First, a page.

Ivey's humble nature and constant thirst to learn about the game of poker endeared him to many other poker pros. He quickly became friends with the likes of Barry Greenstein, who eventually introduced Ivey to the "Big Game" in Las Vegas. Ivey was impressed by the lifestyle that Greenstein was living and wanted to enjoy the same level of success.

Mean look across the table - Phil Ivey at the WSOP 2010

Over the years, Ivey built up quite an impressive resume in both tournament and cash game play. Barry Greenstein once remarked that Phil Ivey was the best tournament poker player in the world, and the only player to successfully transition from tournament poker to beating the "Big Game".

Let's talk about Phil Ivey's success in tournament poker first.

Ivey has over $26 million in total live tournament cashes, putting him in the #10 spot on the all-time money list. This comes despite the fact that Phil Ivey is rarely seen in poker tournaments, as he prefers to take part in cash games and other types of gambling instead. If Ivey were a regular on the tournament circuit, there is practically no doubt that he would be challenging Justin Bonomo and Daniel Negreanu at the top of the all-time money list.

Phil Ivey has ten World Series of Poker bracelets, including:

-2000 $2500 Pot Limit Omaha for $195k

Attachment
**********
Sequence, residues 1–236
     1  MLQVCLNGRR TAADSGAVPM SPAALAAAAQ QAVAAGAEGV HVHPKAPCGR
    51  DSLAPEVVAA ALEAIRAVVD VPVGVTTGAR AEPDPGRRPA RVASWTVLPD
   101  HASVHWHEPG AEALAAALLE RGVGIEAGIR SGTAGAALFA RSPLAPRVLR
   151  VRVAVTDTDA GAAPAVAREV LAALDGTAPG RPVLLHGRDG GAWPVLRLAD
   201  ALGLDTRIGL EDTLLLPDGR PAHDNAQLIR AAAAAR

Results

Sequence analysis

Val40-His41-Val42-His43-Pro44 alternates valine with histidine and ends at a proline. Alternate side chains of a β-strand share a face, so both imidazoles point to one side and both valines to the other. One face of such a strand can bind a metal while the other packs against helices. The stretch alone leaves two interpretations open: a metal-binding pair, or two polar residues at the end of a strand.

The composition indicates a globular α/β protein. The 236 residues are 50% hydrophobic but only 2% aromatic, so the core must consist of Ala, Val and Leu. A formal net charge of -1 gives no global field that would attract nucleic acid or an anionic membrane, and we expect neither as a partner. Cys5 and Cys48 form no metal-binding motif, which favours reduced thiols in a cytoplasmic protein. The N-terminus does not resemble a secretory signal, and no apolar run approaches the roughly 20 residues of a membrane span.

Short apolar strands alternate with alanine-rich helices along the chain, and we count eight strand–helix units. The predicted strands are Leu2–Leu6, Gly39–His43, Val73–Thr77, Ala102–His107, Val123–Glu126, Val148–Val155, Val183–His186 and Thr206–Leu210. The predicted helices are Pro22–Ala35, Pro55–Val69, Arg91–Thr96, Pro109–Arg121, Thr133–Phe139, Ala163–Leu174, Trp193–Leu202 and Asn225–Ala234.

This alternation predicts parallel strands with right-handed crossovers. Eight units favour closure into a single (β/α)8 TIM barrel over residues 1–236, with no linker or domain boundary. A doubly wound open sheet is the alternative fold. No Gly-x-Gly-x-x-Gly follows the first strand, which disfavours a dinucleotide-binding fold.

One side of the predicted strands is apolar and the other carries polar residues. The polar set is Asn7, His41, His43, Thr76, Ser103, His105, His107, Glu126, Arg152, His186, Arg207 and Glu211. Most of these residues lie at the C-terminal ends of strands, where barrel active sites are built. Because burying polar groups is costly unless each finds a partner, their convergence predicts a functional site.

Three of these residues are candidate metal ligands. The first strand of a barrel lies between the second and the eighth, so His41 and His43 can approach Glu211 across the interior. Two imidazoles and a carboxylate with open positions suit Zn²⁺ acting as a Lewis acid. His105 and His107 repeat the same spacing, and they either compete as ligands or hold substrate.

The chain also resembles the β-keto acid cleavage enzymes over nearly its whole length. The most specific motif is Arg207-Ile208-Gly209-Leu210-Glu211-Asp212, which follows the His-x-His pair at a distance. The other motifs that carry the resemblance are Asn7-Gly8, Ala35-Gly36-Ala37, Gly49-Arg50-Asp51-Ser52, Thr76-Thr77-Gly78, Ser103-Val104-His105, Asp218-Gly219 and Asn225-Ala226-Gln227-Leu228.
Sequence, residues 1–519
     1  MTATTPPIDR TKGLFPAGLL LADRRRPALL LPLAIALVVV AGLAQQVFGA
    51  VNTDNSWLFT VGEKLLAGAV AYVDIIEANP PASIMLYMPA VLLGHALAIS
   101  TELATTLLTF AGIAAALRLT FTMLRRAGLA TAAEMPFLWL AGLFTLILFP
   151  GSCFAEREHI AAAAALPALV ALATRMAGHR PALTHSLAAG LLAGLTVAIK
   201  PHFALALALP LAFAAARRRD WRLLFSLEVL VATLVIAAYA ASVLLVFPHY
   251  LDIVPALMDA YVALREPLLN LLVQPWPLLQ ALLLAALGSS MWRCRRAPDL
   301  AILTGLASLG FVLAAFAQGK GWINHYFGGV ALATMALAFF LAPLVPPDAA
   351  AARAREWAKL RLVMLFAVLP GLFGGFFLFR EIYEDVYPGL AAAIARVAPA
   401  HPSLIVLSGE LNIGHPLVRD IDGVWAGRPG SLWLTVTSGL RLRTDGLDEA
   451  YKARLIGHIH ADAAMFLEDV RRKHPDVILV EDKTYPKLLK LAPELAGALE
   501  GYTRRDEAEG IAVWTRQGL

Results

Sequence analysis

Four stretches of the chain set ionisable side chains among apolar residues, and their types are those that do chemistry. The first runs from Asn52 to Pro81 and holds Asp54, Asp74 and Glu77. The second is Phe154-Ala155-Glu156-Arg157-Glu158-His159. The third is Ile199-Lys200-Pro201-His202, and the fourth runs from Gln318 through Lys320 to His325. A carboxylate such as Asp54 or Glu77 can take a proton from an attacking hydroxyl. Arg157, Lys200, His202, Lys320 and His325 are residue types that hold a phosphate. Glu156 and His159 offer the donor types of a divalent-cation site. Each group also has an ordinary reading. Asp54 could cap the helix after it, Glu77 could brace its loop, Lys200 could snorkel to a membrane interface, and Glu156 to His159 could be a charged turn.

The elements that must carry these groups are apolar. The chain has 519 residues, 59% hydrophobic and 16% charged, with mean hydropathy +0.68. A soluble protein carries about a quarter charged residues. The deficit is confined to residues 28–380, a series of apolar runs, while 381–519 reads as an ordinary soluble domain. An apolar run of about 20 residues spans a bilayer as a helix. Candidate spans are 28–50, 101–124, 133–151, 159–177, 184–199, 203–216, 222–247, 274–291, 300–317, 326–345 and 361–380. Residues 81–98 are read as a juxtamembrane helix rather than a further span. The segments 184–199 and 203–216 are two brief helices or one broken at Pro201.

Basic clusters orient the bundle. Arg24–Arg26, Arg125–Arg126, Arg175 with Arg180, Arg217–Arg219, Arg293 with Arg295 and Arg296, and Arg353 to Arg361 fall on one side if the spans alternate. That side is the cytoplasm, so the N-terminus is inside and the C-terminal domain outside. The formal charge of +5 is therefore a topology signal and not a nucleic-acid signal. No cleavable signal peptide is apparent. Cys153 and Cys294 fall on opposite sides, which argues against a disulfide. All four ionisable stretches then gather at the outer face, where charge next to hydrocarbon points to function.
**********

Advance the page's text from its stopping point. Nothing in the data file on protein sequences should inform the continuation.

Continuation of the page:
-2002 $2500 Seven Card Stud Hi/Lo for $118k
-2002 $2000 S.H.O.E. for $108k
-2002 $1500 Seven Card Stud $132k
-2005 $5000 Pot Limit Omaha $635k
-2009 $2500 No Limit 2-7 Draw Lowball, $96,367
-2009 $2500 Omaha Hi/Lo / 7 Card Stud Hi/Lo, $220,538
-2010 $3000 HORSE $329,840
-2013 A$2,200 Mixed Event, A$51,840
-2014 $1,500 Eight Game Mix, $166,986

He once remarked that his goal was "30" World Series of Poker bracelets, though with certain recent events taking place (such as losing his lawsuit against the Borgata), I highly doubt that he will be able to pull this off.

He has a total of 59 lifetime World Series of Poker cashes. He came close to winning the Main Event in both 2003 and 2009. In 2003, he was eventually eliminated in 10th place by Chris Moneymaker. His bust-out hand was especially painful:

Ivey had pocket nines and Chris Moneymaker held A-Q offsuit. The flop came q 6 q, giving Moneymaker trip Queens. The turn brought a 9, giving Phil Ivey the full house. The players got all of their chips in the middle. The river brought an Ace, giving Moneymaker a full house and eliminating the best player left in the tournament. Moneymaker went on to win (as you all know).

In 2009, Ivey made the "November Nine" final table, eventually finishing in seventh place for $1,404,014.

These weren't the only times that Ivey went deep in the Main Event. He finished 23rd in 2002 and 20th in 2005.

Phil Ivey has also had a great deal of success in World Poker Tour events. He has 13 cashes in WPT events and a ridiculous nine final tables. His streak of eight final tables after cashing was halted at the 2008 World Poker Challenge.

Ivey took down his first WPT event at the 2008 LA Poker Classic. Prior to this, Ivey had made 7 World Poker Tour final tables without actually winning. Ivey cashed for $1.596 million dollars in this event.